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June 20, 2003 - Image 84

Resource type:
Text
Publication:
The Detroit Jewish News, 2003-06-20

Disclaimer: Computer generated plain text may have errors. Read more about this.

Cover Story

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SHELBY TOWNSHIP

,

from page 71

The duo maneuvered their way to
the pressroom at the Grammy
Awards, where Cojocaru managed to
ask a question of Barbra Streisand.
He liked Los Angeles so much that
he decided to make it his home.
After that, his life changed.
He began freelancing and wrote a
syndicated column that ran in more
than 100 newspapers. In 1994 he
joined the staff of People as the mag-
azine's West Coast style editor.
Over the years he has appeared on
the most coveted red carpets, includ-
ing the Golden Globes, Academy
Awards and the Cannes Film
Festival. He has developed runway
friendships with the likes of Joan
Rivers and been spoofed on Saturday
Night Live.
"I went into this business to be
noticed and now that I am, I'm con-
tent," he recently told the Los
Angeles Times.
"I get clothes at a discount. I get
my hair blown out whenever I want.
I made my dreams come true."
— Alice Burdick Schweiger

THE REBBE'S ARMY
INSIDE THE WORLD
OF CHABAD-LUBAVITCH

By Sue Fishkoff
(Schocken; 321 pp.; $26)

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6/20
2003

72

ere are lots of
numbers in
Sue Fishkoff's
new book, The
Rebbe's Army: Inside
the World of Chabad-
Lubavitch: 1,300
pieces of gefilte fish
imported for a
Passover seder in
Bangkok; five gallons
of coleslaw for Shabbat dinner on
campus in Binghamton, N.Y.; a $3.5
million new Chabad synagogue in
Boynton Beach, Fla.; a $20 million
Jewish Children's Museum in Crown
Heights, Brooklyn; 3,800 husband-
and-wife teams of emissaries in 45
states and 61 countries — all of
which point to the boldness of
Chabad, the magnitude of its vision
and the large platform the move-
ment has created.
There are lots of stories too, like
that of an emissary's wife who often
wakes up in the morning to find stu-
dents asleep in her living room.
Their home is part of the campus
Chabad house, and their door is
always open.
And there's the young woman who
moves from New Jersey to

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Anchorage, Alaska, who seeks a con-
nection with the local Jewish com-
munity. When she tries contacting
the local Reform rabbi, his secretary
calls her back and sends a brochure
with dues information. Then she
leaves a message for the Chabad
rabbi who returns the call himself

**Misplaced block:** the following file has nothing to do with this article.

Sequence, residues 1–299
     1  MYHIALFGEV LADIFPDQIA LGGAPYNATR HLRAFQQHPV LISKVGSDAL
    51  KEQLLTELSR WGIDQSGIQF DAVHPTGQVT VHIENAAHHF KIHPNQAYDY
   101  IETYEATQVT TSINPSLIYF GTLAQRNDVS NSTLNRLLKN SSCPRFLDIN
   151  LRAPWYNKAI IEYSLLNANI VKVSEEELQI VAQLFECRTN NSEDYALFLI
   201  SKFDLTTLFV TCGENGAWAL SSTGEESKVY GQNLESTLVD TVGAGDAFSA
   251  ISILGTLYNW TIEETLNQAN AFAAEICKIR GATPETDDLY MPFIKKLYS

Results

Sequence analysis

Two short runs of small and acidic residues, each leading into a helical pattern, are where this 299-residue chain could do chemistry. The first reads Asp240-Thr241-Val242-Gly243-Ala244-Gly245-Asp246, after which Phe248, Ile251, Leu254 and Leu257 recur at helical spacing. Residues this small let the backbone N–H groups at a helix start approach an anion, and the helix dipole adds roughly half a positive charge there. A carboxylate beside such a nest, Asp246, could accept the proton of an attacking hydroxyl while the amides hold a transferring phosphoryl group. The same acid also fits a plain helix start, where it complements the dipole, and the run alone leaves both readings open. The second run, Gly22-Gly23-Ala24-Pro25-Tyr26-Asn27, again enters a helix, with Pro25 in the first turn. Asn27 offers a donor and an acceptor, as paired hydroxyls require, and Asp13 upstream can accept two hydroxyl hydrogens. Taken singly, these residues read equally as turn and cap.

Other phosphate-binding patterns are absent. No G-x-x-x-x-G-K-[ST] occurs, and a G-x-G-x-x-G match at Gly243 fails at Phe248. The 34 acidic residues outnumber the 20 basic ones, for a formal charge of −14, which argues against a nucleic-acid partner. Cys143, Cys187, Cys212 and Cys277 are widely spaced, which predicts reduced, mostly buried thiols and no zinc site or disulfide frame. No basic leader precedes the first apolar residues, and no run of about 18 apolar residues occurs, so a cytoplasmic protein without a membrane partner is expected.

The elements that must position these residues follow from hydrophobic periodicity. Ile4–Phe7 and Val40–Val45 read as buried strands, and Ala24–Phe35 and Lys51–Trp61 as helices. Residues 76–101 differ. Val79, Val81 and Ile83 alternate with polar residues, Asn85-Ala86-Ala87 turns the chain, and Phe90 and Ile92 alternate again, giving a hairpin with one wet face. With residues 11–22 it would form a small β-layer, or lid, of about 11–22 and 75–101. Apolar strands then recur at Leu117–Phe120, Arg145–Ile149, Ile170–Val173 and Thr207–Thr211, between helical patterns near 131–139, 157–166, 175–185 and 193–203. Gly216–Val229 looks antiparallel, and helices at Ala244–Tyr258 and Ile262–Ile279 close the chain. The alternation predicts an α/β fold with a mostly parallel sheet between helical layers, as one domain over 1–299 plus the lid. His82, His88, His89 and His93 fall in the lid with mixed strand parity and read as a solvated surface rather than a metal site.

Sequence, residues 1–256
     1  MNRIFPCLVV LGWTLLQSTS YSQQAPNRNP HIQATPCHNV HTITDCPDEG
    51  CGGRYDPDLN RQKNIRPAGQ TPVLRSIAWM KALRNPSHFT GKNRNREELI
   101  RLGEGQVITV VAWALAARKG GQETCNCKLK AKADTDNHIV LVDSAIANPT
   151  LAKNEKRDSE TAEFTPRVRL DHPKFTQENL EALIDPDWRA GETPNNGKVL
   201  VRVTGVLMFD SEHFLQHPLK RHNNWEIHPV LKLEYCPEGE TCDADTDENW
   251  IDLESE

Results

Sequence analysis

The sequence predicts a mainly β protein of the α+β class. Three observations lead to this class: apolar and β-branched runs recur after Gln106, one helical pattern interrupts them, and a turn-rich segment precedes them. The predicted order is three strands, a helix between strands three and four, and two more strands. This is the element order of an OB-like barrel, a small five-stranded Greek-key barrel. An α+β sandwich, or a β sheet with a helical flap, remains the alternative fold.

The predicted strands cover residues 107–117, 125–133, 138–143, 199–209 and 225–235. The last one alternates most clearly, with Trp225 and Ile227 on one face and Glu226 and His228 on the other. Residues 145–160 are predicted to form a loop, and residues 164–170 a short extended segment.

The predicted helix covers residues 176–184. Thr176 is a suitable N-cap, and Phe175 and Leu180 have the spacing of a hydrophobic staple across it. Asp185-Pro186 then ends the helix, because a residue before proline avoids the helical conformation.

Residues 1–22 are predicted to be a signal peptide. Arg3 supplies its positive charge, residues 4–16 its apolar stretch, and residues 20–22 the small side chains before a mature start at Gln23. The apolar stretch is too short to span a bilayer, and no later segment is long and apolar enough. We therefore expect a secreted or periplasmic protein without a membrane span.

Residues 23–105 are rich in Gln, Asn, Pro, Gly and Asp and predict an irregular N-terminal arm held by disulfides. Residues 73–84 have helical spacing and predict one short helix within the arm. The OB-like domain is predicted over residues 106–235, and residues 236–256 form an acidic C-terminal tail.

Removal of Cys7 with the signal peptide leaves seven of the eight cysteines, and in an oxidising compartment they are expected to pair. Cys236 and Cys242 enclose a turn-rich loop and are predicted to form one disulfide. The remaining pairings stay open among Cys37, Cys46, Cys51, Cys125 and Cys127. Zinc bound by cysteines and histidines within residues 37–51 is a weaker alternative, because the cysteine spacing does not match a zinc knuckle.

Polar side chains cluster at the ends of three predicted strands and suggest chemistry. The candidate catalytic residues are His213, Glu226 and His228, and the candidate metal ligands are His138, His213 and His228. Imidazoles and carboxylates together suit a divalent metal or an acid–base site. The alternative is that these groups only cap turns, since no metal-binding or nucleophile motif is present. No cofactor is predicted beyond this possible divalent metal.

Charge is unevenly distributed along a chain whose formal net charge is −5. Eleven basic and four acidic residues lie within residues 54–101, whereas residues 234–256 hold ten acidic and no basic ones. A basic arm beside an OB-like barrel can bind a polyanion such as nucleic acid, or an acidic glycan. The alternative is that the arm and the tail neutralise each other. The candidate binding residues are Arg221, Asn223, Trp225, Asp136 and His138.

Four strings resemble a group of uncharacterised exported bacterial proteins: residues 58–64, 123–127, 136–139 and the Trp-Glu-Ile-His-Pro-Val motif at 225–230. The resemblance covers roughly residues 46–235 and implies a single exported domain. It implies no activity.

and invites her to dinner with his
family.
Fishkoff looks closely at the
Chabad world and its success in out-
reach, through the lives and work of
its emissaries, known as shlichim.
They are "the rebbe's army; the
rebbe is, of course, the late Rabbi
Menachem Mendel Schneerson, who
died in 1994 at the age of 92. The
shlichim — the "best and brightest"
Lubavitch young couples — are sent,
soon after their marriages, to out-
posts where they might be the only
observant family in town, with the
aim of bringing as many Jews as pos-
sible back to their Jewish roots.
They arrive in their new towns or
cities — where they will spend the
rest of their lives — with limited
funding for their first year and then
must raise their operating funds
themselves; sometimes they arrive
with only the names of a few local
Jews.
But they seem to hit the ground
running, opening nursery schools,
offering classes, hosting holiday cele-
brations and much more.
The Rebbe's Army is, as the author
notes in the prologue, a reporter's
book; it's rich in telling anecdotes
and thumbnail portraits — it's not
meant to be a scholarly study nor an
historical analysis.
Fishkoff's narrative is infused with
the sense of joy radiated by, her sub-
jects, which she is generously open
to.
While offering a sympathetic view,
Fishkoff also explores the conflicts
and controversies in the relationships
between Chabad and the larger
Jewish community.
A significant question that
Fishkoff explores is how they man-
age to raise so much of their institu-
tional funding among non-
Lubavitch Jews.
"Chabad is a challenge to the
American Jewish community,"
Fishkoff says. "American Jews want
to study Torah; they want to have
fun with Judaism rather than some-
thing that is somber and morose;
they want it to be meaningful." She
believes the other denominations can
learn from Chabad.
— Sandee Brawarsky

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